Western-Chinese food is authentic — and isn’t white washing our culture
June 28, 2021
This First Person article is the experience of Kathryn Mannie, a third-generation Chinese Canadian from Vancouver. For more information about CBC’s First Person stories, please see the FAQ.
“Sik jor fahn mei ah? Have you eaten yet?”
This common Cantonese greeting indicates just how closely Chinese culture associates food and well-being. My gung gung (maternal grandfather) fiercely proclaims that food and money are the two most important things to possess — in that order.
Like many second- and third-generation Chinese-Canadians, I was partially raised by my grandparents while my parents worked full time.
And at the centre of their home was the kitchen.
My gung gung would lull my sister and me to sleep with stories about owning restaurants from Liverpool to Vancouver. He chose to work in the restaurant industry because of the food insecurity he faced in rural China. He never wanted anyone in his family to go hungry like he did.
Before school, my gung gung would wake us up with heaping bowls of juk (rice porridge or congee) or one of aunty’s homemade joong (rice dumplings or zongzi), steamed straight from the freezer. After-school afternoons meant sharing steamed fish with ginger and scallions or a box of fresh buns from New Town Bakery in Vancouver’s Chinatown.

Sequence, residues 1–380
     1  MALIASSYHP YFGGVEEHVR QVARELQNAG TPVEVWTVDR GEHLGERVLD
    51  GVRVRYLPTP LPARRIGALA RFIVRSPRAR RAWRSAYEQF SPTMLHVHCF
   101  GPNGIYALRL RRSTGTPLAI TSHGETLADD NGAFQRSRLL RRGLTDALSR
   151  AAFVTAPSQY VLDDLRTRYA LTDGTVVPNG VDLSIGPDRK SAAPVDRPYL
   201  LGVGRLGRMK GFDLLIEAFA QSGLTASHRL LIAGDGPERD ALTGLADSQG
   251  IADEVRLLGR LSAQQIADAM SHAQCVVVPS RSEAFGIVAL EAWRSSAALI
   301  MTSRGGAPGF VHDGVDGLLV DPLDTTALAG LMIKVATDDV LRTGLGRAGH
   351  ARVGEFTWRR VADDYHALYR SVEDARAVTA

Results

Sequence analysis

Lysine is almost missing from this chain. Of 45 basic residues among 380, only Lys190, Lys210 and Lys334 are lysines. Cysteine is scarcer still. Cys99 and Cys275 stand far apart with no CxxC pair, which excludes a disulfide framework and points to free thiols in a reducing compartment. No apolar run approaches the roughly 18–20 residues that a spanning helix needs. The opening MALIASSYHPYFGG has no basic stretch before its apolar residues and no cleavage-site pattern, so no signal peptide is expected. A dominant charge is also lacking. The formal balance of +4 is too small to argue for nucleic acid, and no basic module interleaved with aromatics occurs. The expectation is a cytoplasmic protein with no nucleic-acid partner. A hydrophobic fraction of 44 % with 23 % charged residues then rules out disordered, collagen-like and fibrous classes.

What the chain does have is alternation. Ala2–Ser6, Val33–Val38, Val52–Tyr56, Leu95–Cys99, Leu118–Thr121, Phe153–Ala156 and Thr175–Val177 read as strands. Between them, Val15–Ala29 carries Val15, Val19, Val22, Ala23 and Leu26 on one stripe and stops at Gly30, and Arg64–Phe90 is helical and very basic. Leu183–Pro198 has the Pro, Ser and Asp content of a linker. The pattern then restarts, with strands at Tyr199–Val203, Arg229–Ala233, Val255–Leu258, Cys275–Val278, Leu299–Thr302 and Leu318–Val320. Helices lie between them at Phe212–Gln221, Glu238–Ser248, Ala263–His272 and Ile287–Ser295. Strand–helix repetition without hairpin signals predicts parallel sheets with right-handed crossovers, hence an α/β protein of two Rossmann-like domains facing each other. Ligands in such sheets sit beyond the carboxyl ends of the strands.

In the summer, we would pick plump goji berries from the garden to dry in box lids under the sun. Around Lunar New Year, my poh poh (maternal grandmother) would fill plastic buckets full of crispy fried gok jai pastries for us to share with friends. Every Sunday, the whole family would get together in the morning to eat dim sum.
When I moved to Toronto for university and wanted to feel close to my family, I turned to food. I would call my gung gung on the weekends and ask how to make bak chit gai (poached chicken) and pai kuat (steamed spareribs with fermented black beans).
As a burgeoning Cantonese home cook who wanted to preserve the traditions of her family, I became obsessed with only cooking what I considered to be authentic food. I was raised in Canada but I sought to reject what I saw as encroaching westernization on my distinct Chinese diaspora identity.
But Chinese food solely from China wasn’t the only thing at our table growing up. One of my favourite dishes to this day is my mother’s chicken wings drenched in tangy, umami “oriental sauce.” I love sticky honey garlic spareribs, egg foo young omelettes, and beef and broccoli stir-fry.
Like me, these dishes were born in North America.
I grew up in a mixed ethnicity household. My mother emigrated with her parents from Hong Kong and my dad from Portsmouth, England. I have white-passing privilege and don’t speak Chinese. I’ve always felt insecure about my Chinese identity so I began to use my cooking to assert a degree of authenticity I felt was lacking in me, intrinsically, because of my mixed race background.
But how could I deign to carry on my family’s deep connection with food if I was disregarding the Western-Chinese cuisine that brought us prosperity in Canada in the first place?
Although the menus changed over time, the mainstays across all my family’s restaurants were dishes like chop suey, fried noodles, and sweet and sour sauce.